A family of 27 water voles that set up home in a sewage farm have been rescued at a cost of £400,000.
Click to view image: '783920a8f950-water_vole.jpg'colonised three disused sludge lagoons and a ditch within the Crossness sewage treatment works in Abbey Wood, southeast London. Because the animals have full legal protection Thames Water had to relocate them if it was to go ahead with plans to increase the sewage capacity at the plant.
The operation is estimated to have cost more than £14,800 per vole. Just capturing them is estimated to have cost £100,000, with 150 traps being set on floating polystyrene rafts and checked every eight hours for six weeks. Another £100,000 was spent on preparing the operation and about £200,000 on creating a hectare of fresh habitat to meet the animals’ needs.
Apples are a traditional favourite of water voles, but failed as a lure for them at Crossness. Instead the traps had to be baited with stronger-smelling grated carrots to attract them. Some 50kg of carrots were grated and placed in the traps.
The captured voles
Click to view image: '8bdb23ad8571-water_vole_2_dean_heward.jpg' were placed in empty Pringles tubes and transported to the Wildwood captive breeding centre in Herne Bay, Kent.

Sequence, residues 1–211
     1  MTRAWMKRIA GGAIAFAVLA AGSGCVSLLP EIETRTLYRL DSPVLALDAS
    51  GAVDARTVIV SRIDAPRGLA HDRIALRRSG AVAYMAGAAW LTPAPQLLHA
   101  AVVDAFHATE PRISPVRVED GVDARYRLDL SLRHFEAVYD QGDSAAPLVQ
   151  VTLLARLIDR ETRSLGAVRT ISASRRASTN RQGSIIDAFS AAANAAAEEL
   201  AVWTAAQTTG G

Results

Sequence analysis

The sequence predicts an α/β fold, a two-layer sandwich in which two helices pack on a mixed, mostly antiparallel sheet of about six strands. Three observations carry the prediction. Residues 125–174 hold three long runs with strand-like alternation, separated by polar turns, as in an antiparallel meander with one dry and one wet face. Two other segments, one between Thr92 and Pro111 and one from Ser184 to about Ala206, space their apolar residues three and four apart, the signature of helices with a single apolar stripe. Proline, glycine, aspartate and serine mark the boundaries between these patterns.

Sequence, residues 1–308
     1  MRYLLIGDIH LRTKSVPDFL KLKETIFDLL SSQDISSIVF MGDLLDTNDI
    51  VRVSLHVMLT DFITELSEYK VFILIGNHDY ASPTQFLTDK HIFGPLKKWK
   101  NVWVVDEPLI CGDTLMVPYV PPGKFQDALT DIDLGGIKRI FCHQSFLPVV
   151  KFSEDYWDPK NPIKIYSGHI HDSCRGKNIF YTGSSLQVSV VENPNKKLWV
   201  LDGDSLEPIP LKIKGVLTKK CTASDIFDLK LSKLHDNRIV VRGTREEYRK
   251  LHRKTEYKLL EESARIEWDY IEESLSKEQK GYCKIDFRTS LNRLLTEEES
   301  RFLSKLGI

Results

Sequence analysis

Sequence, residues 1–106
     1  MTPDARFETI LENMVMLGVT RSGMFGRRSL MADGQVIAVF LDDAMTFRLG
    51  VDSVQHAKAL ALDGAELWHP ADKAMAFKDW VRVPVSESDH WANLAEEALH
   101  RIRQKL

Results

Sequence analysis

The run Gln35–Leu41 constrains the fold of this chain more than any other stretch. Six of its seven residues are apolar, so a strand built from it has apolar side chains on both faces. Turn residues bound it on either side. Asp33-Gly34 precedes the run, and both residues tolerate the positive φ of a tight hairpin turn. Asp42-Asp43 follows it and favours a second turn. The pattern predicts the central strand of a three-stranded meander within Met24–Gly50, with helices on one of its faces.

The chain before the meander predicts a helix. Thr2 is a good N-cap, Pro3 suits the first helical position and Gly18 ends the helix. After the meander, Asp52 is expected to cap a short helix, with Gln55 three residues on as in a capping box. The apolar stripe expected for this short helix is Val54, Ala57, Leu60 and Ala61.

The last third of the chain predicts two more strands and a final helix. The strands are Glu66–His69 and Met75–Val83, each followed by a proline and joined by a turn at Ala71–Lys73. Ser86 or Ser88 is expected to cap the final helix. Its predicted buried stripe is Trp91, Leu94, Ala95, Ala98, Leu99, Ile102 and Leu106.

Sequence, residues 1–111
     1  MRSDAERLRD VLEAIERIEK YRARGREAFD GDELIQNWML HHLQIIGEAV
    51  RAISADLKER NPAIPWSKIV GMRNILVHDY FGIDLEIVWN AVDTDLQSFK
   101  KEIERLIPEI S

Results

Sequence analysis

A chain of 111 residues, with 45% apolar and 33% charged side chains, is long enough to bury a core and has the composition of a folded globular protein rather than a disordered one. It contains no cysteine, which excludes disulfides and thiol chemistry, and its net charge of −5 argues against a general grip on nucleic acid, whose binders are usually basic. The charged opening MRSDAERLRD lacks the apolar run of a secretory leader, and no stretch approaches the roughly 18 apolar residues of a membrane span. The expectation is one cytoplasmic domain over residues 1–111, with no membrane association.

They and their offspring will stay in Kent for the next two years until suitable habitat can be created for them at the Crossness nature reserve owned by Thames Water and adjacent to the sewage works. The removal operation is one of the first to be licensed since water voles were afforded full legal protection last year, barring any form of disturbance or harm to them or their burrows. The once common animals are Britain’s fastest declining mammal.
Jonathan Benge, an ecologist at Scott Wilson, a design and engineering consultancy, was in charge of the operation and said that the water voles had colonised the sewage farm along a ditch from the neighbouring nature reserve. Despite the smell associated with sewage from hundreds of thousands of homes, the water voles found the location perfect.
“The sludge lagoons hadn’t been used for 12 years and had developed into a reed bed habitat. It was a perfect water vole habitat,” he said.
“The smell is always there. But the smell of the sewage isn’t going to deter them from superb habitat.”
Crossness deals with sewage equivalent to that produced by two million people. Each day it treats 777,600 cubic metres and when it has been expanded its capacity will have increased 44 per cent to 1,117,900 cubic metres per day.
When the replacement habitat is ready the water voles, or at least their descendants, are expected to be transported back to southeast London.
Dr Benge said: “Our biggest problem will be preventing it being colonised naturally by the water voles already in the nature reserve before we can put our captive-bred ones there.”
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